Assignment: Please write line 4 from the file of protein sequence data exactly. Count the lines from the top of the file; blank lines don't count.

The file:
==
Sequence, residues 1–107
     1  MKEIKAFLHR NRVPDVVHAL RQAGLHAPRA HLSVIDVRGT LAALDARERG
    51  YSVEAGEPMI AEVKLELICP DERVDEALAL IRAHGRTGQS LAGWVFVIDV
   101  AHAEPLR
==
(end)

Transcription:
   101  AHAEPLR